The next task in the ongoing study of the Dale Site is to make write a detailed report on the archaeological findings. Looking back over the work that we did, one of the most interesting items was the geophysical study we made of the site. Archaeologists are always looking for new ways to find out what is under the ground. Hand excavation is slow and expensive, and excavation with a machine is destructive. The problem is especially vexing at the testing level, what we call Phase II. Before we commit money and time to excavating a site, we would like to know if our efforts will be repaid by significant finds below ground, things like building foundations and pits full of artifacts. But how to learn that without either putting weeks into hand digging through plowed soils, or stripping that plowed soil away with a backhoe?
Science comes to the rescue here. Physicists and engineers have developed several methods of peering into the ground to find out what is there, of which the most basic is the old-fashioned metal detector. Surface-penetrating radar is one exciting new method, which has been especially useful for finding cemeteries and graves. At the Dale Site we used another method, high-resolution magnetometry. By measuring minute variations in the earth’s magnetic field, this machine can find many kinds of buried objects, including stone or brick foundations and concentrations of metal like the nails from a wooden building. The raw data that came from our magnetometer study is shown at the top. Below is an interpreted map of the same data. The red regions are places where buildings probably stood, and green dot No. 3 turned out to be a well. Using this data, we were able to zero in on the places where the most interesting discoveries could be made below the surface, saving a lot of time and money.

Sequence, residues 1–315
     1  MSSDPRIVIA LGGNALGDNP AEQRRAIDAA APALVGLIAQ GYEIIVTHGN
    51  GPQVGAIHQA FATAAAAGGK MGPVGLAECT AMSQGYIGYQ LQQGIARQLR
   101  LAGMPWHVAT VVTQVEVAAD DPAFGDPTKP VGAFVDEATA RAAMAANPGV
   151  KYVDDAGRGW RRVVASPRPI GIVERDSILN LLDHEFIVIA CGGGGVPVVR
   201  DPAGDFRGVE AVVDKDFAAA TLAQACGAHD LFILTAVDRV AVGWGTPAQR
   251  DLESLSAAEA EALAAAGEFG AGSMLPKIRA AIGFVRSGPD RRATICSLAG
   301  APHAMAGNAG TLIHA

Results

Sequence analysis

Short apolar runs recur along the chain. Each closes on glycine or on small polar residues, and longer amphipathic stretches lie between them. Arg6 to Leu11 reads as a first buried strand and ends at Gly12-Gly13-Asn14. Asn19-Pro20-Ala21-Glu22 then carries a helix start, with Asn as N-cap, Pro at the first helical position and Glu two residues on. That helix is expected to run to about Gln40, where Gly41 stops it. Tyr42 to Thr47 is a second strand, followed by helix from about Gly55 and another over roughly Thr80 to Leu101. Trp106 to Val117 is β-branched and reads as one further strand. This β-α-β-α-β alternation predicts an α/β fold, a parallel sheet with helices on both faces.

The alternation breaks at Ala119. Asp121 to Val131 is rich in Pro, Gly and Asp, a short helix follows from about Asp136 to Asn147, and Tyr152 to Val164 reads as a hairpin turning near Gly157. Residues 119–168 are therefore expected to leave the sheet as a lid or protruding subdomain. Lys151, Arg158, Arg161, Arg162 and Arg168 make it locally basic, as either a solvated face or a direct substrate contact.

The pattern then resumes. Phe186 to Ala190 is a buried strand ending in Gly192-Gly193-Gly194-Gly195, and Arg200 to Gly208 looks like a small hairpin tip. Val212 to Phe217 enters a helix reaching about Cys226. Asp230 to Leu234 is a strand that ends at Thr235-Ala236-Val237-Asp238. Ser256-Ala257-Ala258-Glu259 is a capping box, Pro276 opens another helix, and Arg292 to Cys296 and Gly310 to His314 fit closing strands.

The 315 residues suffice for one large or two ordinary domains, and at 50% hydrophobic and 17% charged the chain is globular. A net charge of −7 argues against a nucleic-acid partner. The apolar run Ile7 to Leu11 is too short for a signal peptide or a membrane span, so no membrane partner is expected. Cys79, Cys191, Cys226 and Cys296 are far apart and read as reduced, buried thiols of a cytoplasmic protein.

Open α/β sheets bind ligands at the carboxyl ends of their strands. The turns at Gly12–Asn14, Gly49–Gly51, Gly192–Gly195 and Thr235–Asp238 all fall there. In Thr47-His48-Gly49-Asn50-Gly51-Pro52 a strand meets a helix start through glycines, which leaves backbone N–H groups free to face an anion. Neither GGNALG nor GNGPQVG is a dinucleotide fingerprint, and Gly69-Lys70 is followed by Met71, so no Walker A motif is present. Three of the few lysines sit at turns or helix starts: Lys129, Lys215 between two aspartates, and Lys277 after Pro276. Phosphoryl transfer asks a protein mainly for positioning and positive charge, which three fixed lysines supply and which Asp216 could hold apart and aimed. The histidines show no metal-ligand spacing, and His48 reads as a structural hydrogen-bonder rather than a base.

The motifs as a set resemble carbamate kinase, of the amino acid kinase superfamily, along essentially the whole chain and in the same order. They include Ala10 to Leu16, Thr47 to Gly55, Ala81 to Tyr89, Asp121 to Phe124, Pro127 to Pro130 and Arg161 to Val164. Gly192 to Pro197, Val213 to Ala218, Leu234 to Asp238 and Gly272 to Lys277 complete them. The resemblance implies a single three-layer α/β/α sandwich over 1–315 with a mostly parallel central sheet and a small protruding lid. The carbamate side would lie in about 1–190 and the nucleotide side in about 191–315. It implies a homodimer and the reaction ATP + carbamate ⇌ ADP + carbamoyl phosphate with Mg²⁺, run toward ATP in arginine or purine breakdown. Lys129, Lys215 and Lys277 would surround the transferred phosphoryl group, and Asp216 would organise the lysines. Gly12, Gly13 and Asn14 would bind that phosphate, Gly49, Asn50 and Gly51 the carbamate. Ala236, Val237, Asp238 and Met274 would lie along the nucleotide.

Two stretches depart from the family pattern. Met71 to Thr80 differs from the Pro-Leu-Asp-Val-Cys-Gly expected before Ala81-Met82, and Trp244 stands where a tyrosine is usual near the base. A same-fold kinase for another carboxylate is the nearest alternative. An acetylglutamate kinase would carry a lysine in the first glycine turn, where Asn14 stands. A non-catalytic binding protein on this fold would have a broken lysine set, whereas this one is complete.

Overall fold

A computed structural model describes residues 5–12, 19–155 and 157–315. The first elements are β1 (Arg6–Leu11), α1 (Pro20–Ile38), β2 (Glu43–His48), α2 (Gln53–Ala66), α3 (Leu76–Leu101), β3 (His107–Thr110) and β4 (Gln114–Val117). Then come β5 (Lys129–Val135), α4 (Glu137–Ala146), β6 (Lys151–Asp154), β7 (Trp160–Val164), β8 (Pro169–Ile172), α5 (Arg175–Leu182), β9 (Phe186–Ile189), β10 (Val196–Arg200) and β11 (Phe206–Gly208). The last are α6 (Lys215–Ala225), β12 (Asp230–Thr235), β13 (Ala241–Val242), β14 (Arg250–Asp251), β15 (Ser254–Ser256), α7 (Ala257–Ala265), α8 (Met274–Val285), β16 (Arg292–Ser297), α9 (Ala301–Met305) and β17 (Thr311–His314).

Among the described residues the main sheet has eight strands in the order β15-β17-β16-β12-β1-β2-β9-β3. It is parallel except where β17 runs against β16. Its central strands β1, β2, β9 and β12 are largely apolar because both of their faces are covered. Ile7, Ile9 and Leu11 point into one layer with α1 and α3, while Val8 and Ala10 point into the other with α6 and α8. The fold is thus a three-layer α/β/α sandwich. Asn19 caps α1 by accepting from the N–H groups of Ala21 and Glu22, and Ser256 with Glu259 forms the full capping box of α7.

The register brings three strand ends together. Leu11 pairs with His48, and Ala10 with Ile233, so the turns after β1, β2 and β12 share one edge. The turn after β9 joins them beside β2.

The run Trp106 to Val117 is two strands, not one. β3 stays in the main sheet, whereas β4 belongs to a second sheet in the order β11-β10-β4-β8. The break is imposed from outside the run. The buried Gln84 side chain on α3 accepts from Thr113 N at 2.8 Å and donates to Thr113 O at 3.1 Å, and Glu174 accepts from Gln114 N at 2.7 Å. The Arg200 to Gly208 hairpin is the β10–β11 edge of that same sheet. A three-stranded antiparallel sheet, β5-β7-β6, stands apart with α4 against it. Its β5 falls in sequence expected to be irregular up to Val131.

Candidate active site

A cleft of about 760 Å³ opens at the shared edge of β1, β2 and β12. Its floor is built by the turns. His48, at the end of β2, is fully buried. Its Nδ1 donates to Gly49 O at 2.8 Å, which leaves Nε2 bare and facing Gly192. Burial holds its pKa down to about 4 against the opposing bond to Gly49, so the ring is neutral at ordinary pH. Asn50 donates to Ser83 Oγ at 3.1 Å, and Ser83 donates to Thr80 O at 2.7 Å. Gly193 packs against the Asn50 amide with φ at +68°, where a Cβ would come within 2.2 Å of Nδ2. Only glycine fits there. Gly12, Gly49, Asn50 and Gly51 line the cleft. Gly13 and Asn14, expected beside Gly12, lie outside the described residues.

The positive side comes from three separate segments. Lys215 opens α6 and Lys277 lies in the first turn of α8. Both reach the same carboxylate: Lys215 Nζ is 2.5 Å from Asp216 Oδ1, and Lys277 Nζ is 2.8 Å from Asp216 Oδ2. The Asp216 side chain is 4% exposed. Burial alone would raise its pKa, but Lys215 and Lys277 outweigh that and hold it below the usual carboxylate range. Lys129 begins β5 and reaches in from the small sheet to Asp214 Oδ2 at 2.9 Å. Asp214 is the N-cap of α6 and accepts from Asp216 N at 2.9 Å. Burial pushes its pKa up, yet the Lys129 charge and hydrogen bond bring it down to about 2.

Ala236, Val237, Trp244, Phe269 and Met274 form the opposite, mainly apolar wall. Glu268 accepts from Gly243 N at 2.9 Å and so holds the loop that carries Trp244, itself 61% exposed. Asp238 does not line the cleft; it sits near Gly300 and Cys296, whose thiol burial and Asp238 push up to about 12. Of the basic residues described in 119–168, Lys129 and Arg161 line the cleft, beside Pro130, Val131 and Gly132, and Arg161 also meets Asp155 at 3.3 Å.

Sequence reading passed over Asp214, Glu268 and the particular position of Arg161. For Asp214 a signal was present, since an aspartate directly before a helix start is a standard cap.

Continuing work at the Warwick Site completed the excavation of roughly half of the open units. Plowing, among other processes, appears to have obliterated any evidence for structures, hearths, or storage pits. For the most part, artifacts occurred in the plow zone and the uppermost portion of the subsoil. Below that depth, artifact density dropped precipitously, with only a few small pieces of sharpening debris from stone tools were recovered per level. Although archaeological sites exhibiting a layer-cake accumulation of living surfaces from different periods of time are known in the northern Delmarva Peninsula, plowing, burrowing, and roots likely explain the artifacts recovered below the uppermost portion of the subsoil at the Warwick Site. .
Various point forms traditionally assigned to the Late Archaic and Early Woodland periods, similar to those recovered during the earlier fieldwork, have been recovered. Yellowish brown jasper appears to predominate, though red jasper, gray chert, quartz, and quartzite have been recovered. Tools include a few bifaces and unifaces, the latter including a few with tools with steep edge angles typical of hide scrapers. Scattered fire-cracked rock has been recovered; the sole potential feature, however, is three fired rock fragments at the interface between the plow zone and subsoil. The generally low artifact density and predominance of small sharpening flakes seems consistent with tool sharpening and limited food preparation by small groups during short-term stays, the sort of behavior described by studies of locations where modern Arctic hunters monitor game trails. Further excavation during the next session of fieldwork, of course, could identify a long-buried deposit of artifacts, the remains of shelters and hearths, or areas where different types of artifacts cluster.
- North Profile of Test Unit 36, showing, from top to bottom, the root mat, dark brown plow zone, upper olive brown subsoil, and lower, redder clay subsoil.